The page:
The Outlaw of Torn

By Edgar Rice Burroughs

Page 114

turn
loose upon her fair breast the beasts of hell who know no law or order
or decency other than that which I enforce."

As Norman of Torn ceased speaking, the priest sat silent for many
minutes.

"Thou hast indeed a grave responsibility, my son," he said at last.
"Thou canst not well go unless thou takest thy horde with thee out of
England, but even that may be possible; who knows other than God?"

"For my part," laughed the outlaw, "I be willing to leave it in His
hands; which seems to be the way with Christians. When one would shirk
a responsibility, or explain an error, lo, one shoulders it upon the
Lord."

"I fear, my son," said the priest, "that what seed of reverence I have
attempted to plant within thy breast hath borne poor fruit."

"That dependeth upon the viewpoint, Father; as I take not the Lord into
partnership in my successes it seemeth to me to be but of a mean and
poor spirit to saddle my sorrows and perplexities upon Him. I may be
wrong, for I am ill-versed in religious matters, but my conception of
God and scapegoat be not that they are synonymous."

"Religion, my son, be a bootless subject for argument between friends,"
replied the priest, "and further, there be that nearer my heart just now
which I would ask thee. I may offend, but thou know I do not mean to.
The question I would ask, is, dost wholly trust the old man whom thou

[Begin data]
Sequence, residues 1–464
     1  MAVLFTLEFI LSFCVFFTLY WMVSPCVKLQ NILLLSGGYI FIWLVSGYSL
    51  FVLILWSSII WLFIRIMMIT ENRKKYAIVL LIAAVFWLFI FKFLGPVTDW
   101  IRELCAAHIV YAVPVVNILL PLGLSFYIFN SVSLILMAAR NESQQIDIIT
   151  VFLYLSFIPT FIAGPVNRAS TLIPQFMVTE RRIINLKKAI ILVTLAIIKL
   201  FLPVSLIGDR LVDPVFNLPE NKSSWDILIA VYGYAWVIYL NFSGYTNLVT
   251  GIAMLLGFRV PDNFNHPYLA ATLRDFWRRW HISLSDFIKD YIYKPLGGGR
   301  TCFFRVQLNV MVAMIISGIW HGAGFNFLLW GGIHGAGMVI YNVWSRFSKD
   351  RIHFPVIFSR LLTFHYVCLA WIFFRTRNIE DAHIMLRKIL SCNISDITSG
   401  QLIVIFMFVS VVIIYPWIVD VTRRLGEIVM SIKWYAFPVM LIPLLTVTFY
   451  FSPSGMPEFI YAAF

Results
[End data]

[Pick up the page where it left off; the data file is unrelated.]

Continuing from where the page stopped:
call father?"

"I know of no treachery," replied the outlaw, "which he hath ever
conceived against me. Why?"

"I ask because I have written to Simon de Montfort asking him to meet
me and two others here upon an important matter. I have learned that he
expects to be at his Leicester castle, for a few days, within the week.
He is to notify me when he will come and I shall then send for thee
and the old man of Torn; but it were as well, my son, that thou do
not mention this matter to thy father, nor let him know when thou come
hither to the meeting that De Montfort is to be present."

"As you say, Father," replied Norman of Torn. "I do not make head nor
tail of thy wondrous intrigues, but that thou wish it done thus or so is
sufficient. I must be off to Torn now, so I bid thee farewell."

Until the following Spring, Norman of Torn continued to occupy himself
with occasional pillages against the royalists of the surrounding
counties, and his patrols

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